Streaming giant Netflix has blown its forecasts away with a record-setting quarter that added 16 million subscribers to the popular video streaming platform.
Yesterday, Netflix published its quarterly earnings report which saw its forecasts for the quarter absolutely shattered by a pandemic leading tens, if not millions of people stuck at home and signing up to its services. The figures were more than double what entertainment analysts and Wall Street alike had predicted for the company, and represented by far the company’s single biggest quarter of its history.
In January, Netflix said that it anticipated it would add around seven million subscribers in the three-month period following. The reality, however, is that Netflix managed to add 15.7 million new subscribers to its books.
In a release, the company said that “we’re acutely aware that we are fortunate to have a service that is even more meaningful to people confined at home, and which can operate remotely with minimal disruption in the short to medium term.”
“Like other home entertainment services, we’re seeing temporarily higher viewing and increased membership growth,” it said in a letter to its investors.
Netflix’s previous record for a quarter’s worth of additional subscriptions stood at 9.6 million, recorded around a year ago.
In the early stages of the pandemic, Netflix’s stock price stood around USD $299, the lowest since December of 2019. In just a month, the share price has jumped a staggering 46%, hitting an all-time high price of $438.
Netflix says that the boost in subscriber numbers was lead by an additional 2.3 million in the U.S. and Canada; more than double the forecasted trend from previous quarters. Globally, Netflix now has 183 million subscribers, of them, 60 million in the U.S.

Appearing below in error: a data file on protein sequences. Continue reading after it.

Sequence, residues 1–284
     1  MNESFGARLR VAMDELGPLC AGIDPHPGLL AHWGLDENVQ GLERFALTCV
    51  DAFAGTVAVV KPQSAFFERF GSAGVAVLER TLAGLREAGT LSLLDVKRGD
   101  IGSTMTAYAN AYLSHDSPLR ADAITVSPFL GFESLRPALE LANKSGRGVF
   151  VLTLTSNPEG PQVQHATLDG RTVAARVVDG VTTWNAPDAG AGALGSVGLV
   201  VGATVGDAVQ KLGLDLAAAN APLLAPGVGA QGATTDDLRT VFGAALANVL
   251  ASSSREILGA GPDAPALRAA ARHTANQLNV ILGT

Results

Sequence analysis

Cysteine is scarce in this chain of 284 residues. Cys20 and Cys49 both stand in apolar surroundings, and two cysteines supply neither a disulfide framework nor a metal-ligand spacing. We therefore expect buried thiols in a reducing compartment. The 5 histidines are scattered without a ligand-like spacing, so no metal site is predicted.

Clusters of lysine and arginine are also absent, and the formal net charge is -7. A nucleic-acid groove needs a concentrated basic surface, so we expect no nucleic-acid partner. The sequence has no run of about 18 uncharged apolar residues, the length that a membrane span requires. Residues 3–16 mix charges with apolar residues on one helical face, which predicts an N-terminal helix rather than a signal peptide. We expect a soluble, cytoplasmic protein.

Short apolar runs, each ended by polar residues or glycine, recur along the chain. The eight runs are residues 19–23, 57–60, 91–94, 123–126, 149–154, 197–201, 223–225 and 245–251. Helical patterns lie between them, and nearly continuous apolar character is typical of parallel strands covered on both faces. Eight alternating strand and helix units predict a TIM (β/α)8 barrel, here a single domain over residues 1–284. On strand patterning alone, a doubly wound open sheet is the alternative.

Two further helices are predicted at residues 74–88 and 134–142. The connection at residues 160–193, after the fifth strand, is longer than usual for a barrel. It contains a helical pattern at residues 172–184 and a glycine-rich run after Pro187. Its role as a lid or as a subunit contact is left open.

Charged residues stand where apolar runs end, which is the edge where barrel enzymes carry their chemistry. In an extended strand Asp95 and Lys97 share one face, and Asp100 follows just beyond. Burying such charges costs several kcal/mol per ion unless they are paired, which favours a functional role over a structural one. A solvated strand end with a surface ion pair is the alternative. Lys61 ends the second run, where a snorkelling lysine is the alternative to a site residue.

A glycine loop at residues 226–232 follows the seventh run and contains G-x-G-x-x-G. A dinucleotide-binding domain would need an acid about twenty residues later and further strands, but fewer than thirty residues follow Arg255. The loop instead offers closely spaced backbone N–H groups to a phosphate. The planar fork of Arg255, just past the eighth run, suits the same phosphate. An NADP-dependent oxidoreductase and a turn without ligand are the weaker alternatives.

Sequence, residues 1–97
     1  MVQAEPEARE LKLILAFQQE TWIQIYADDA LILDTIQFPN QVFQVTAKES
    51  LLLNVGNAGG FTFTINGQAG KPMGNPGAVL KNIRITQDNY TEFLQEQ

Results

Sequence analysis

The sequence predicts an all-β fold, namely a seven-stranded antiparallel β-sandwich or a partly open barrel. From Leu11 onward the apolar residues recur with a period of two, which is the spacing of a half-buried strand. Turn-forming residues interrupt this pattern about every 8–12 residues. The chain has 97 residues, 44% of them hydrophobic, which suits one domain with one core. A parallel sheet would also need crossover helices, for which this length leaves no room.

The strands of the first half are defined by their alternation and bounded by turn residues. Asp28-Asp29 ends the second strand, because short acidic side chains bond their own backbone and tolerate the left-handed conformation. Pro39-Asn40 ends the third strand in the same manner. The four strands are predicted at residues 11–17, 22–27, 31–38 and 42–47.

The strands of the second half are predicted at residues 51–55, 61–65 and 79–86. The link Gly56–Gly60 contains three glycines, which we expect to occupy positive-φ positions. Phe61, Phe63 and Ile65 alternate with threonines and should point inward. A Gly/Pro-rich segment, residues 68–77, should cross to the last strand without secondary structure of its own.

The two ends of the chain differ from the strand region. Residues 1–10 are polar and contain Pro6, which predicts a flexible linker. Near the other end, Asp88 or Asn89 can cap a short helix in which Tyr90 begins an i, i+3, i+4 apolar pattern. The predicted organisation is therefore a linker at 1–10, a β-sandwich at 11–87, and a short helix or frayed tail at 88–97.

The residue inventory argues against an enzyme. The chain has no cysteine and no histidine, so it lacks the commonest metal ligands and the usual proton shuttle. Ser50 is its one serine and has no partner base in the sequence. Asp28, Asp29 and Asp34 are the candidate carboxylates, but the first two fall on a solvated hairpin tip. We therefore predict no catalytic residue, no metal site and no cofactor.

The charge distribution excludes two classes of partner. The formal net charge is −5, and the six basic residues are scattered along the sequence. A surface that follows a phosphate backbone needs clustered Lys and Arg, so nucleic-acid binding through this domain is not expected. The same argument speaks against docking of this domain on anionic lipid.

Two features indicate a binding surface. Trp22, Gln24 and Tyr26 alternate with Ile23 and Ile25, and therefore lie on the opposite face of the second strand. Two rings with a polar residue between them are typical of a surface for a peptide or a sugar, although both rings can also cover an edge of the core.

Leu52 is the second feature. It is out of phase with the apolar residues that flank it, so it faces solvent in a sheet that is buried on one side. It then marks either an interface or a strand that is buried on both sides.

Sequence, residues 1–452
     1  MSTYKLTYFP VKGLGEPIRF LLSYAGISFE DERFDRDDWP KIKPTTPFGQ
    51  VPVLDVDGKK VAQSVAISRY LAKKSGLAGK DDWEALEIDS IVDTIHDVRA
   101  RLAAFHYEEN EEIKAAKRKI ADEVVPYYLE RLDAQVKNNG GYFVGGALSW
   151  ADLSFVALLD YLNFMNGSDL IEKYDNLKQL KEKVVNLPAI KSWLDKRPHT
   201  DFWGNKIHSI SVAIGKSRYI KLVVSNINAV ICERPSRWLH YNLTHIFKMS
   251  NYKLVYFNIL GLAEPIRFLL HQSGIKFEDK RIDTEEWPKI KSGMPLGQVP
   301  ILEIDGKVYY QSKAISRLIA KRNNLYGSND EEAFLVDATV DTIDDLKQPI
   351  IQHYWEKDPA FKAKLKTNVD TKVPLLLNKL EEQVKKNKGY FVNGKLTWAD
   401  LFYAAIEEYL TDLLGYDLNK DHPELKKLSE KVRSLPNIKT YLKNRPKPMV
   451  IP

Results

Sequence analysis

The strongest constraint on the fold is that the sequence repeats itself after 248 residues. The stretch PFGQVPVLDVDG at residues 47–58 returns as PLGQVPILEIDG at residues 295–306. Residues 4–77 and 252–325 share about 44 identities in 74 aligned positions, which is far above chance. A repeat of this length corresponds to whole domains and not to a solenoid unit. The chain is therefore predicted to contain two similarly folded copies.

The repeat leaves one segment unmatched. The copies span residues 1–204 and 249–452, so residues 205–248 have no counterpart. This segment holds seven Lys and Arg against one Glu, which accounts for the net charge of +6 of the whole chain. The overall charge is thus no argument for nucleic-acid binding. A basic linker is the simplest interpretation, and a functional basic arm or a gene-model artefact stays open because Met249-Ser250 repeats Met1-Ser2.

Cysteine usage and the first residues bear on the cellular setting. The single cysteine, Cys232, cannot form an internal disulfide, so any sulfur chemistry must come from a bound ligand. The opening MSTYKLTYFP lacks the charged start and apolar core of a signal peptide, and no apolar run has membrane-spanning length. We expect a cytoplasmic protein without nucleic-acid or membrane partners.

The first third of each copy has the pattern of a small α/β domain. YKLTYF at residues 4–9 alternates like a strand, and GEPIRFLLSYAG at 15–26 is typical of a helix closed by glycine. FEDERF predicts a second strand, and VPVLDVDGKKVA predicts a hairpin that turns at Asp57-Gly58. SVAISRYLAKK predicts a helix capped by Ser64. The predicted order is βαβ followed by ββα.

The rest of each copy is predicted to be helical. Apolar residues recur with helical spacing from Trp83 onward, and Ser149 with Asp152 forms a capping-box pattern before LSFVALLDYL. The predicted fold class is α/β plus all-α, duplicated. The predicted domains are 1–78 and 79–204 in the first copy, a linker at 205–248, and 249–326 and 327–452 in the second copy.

The letter also stated that “like other home entertainment services, we’re seeing temporarily higher viewing and increased membership growth,” however, “we expect viewing to decline and membership growth to decelerate as home confinement ends, which we hope is soon.”
A number of factors would put Netflix “well below or well above” its predictions, stating that “when people can go back to their social lives in various countries, and how much people take a break from television after lockdown” could ultimately hurt its bottom line.
The company also acknowledged that production delays are very much on the cards, but argues that its existing library puts it in a more attractive position than some of its rivals.
Some analysts, however, are concerned about Netflix’s long-term ability to hold onto subscription numbers as lockdown measures continue to swallow jobs globally. Jim Nail, an industry analyst at Forrester told The Washington Post that “I think what you’ll have in the coming months is an interesting question. Yes, people at home might be subscribing to netflix to entertain themselves or their kids, but as this drags on and there are jobs and paychecks lost, I think people will sit down and make tough decisions about where to cut, and one of them might be to cancel streaming services.”
That same report says there’s a possibility that the pandemic in Asia and Europe, key markets for Netflix’s expansion plans, could hinder further growth, as well as the lack of production currently taking place for future content.
Co-founder of Netflix Reed Hastings told analysts that “our small contribution in these difficult times is to make home confinement a little more bearable. We too are really unsure of what the future brings.”
Netflix also promoted its recent contributions of $150 million to support the entertainment industry through the crisis, which is made up of donations to production crews that have been left with no work, as well as non-profits supporting the sector.